Saturday, February 19, 2011

Japanese Microbrews

Until recently, beer in Japan was a lot like that in Korea: mostly mass-produced lagers, vaguely German in style, with occasional forays into other German-inspired styles. 

But in the last 15 years or so, microbrew culture has begun to catch on in Japan. Back in August, I had the chance to witness this movement first-hand, at the Kyushu Beer Festa here in Fukuoka. 
Most of the brews on hand were still German, but there was both greater variety and higher quality than is typically available from the big Japanese brewers.

I was surprised to find one brewery offering a Rauchbier--a "smoked" beer brewed with barley that has been roasted over an open flame. I happen to like the stuff, but it wasn't a big hit with my coworkers.

In the short term, the Kyushu Beer Festa was a great success: I had no idea there were so many great craft beers being made in Japan these days.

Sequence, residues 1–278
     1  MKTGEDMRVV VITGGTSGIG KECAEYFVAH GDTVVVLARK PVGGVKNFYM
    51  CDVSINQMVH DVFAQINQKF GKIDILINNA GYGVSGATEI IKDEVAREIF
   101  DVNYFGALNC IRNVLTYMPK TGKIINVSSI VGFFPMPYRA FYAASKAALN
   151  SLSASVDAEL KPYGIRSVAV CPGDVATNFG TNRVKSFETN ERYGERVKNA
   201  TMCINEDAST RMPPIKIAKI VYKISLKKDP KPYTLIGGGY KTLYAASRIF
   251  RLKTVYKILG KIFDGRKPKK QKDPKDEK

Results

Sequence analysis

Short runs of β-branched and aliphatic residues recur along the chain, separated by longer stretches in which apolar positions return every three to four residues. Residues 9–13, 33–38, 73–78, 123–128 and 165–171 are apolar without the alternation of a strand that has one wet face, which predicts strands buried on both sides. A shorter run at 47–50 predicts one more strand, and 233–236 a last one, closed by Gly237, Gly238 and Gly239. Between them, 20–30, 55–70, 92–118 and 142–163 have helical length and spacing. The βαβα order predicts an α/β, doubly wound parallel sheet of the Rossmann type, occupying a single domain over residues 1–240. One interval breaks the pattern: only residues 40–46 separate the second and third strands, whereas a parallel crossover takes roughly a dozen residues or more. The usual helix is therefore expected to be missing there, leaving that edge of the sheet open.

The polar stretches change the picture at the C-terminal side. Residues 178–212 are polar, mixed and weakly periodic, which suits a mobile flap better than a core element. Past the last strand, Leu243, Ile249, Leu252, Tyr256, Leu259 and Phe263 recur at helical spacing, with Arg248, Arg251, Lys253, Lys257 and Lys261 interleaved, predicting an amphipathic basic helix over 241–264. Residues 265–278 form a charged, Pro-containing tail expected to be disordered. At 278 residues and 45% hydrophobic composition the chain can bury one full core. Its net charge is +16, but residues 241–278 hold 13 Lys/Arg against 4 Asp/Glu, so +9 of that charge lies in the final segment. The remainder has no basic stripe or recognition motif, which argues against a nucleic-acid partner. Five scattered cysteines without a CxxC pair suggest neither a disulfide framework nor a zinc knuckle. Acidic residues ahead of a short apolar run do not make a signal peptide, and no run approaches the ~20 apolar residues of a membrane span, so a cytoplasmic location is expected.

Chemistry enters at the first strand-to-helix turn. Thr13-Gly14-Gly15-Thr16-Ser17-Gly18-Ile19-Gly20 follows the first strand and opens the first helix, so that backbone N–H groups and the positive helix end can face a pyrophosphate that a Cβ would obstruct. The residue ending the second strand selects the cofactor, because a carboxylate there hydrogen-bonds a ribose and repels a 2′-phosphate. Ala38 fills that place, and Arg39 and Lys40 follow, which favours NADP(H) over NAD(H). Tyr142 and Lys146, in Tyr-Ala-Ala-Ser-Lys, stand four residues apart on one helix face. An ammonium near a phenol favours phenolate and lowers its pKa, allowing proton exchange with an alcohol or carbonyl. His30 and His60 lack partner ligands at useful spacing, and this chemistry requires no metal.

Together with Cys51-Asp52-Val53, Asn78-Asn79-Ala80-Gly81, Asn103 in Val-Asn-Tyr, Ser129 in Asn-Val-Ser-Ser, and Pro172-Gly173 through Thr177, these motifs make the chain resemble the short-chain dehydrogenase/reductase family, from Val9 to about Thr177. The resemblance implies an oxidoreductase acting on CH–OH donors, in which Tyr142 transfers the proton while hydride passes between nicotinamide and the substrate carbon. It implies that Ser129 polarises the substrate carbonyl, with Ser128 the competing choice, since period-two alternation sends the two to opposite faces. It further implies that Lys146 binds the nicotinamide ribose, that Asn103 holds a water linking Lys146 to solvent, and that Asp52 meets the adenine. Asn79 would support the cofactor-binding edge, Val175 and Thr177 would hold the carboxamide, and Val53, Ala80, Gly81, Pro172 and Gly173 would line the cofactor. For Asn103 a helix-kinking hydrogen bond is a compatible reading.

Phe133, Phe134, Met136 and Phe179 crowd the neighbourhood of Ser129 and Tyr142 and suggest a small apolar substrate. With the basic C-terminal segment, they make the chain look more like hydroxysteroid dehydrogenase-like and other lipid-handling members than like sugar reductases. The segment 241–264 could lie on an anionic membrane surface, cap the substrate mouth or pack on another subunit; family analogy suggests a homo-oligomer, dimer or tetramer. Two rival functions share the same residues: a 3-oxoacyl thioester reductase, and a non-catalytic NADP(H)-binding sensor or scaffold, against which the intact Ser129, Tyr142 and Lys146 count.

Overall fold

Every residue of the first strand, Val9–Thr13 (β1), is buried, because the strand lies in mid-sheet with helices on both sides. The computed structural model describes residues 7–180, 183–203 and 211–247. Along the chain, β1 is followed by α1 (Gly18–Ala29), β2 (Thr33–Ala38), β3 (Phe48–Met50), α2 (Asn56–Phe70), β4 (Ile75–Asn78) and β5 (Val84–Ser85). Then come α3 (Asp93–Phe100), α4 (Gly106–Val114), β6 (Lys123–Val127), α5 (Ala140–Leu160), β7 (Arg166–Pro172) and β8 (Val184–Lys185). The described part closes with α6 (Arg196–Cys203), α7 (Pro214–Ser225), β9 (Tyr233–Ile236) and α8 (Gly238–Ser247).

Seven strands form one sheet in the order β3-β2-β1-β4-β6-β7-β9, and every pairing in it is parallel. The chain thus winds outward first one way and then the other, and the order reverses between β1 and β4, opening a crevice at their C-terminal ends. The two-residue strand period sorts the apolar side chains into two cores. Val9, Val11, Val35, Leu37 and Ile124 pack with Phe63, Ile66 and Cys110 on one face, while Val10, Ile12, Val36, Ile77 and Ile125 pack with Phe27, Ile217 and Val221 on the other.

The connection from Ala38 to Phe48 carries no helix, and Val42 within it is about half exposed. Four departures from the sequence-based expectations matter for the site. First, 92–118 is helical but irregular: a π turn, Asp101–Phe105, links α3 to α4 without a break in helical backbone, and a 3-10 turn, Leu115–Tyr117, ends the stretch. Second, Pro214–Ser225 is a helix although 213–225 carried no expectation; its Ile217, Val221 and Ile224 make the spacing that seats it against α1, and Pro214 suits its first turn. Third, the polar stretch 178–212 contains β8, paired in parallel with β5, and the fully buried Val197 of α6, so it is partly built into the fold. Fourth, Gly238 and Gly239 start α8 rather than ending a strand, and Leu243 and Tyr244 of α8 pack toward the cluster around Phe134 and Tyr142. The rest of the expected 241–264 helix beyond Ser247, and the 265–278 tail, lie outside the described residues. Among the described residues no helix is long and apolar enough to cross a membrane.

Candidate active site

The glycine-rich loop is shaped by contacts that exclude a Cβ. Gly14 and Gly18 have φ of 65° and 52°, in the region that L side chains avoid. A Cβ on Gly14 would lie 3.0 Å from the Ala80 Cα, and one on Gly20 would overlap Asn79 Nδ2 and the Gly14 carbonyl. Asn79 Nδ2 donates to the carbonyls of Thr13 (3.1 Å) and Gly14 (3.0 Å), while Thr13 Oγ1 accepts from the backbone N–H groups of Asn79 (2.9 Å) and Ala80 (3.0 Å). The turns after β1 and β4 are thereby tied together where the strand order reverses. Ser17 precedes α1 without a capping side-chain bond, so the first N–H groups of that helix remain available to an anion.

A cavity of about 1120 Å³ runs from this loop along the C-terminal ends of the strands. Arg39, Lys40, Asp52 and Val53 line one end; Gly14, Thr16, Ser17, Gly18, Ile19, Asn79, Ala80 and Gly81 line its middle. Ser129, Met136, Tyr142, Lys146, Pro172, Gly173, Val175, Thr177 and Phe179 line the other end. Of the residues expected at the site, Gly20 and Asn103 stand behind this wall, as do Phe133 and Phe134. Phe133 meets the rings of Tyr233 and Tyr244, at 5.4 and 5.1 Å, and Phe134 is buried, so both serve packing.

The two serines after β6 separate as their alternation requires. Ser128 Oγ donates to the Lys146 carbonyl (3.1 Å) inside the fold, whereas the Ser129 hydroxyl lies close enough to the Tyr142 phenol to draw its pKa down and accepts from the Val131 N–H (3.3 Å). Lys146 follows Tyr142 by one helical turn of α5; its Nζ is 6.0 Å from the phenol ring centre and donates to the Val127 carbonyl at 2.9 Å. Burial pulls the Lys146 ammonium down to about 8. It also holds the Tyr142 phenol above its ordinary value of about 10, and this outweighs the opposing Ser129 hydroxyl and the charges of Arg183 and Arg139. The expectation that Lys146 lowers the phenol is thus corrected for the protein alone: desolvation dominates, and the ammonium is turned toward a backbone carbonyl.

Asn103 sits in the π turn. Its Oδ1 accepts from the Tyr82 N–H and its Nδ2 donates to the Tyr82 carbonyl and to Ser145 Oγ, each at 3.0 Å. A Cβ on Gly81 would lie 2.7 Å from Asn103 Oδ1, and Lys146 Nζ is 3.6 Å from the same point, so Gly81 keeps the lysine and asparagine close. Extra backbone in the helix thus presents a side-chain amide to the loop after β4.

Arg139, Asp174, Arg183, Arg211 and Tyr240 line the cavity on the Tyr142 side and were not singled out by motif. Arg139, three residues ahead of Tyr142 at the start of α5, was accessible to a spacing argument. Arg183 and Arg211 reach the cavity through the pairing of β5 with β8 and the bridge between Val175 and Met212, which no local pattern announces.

In the longer term, though, the event was a failure, as most of the beers on hand have proven almost impossible to find elsewhere. Which leads to the actual occasion for this post (and the reason I've set the world record for lag time by reporting on an August event in February): I finally found and purchased some good craft beers from the small booze shop attached to our upscale grocery, Bon Repas.

The beers come from Coedo, a brewery on Shikoku (also known as "the other main island that isn't Honshu or Hokkaido"). I was intrigued by them because they looked more British than German: one was essentially a stout, the other a kind of amber ale.

Both were pretty good examples of their styles. Nothing spectacular, but a whole heck of a lot better than Asahi Stout, and I don't think the big brewers even make anything but light lagers and black beers.

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